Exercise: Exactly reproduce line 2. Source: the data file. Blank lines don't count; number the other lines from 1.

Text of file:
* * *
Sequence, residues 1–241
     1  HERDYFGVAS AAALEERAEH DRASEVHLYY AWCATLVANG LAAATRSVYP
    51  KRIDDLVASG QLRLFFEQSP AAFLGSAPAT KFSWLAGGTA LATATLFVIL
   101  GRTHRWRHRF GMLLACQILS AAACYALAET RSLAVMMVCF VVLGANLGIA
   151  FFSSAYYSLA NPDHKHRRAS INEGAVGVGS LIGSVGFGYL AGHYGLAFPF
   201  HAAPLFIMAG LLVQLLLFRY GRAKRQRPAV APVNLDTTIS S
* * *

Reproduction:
     1  HERDYFGVAS AAALEERAEH DRASEVHLYY AWCATLVANG LAAATRSVYP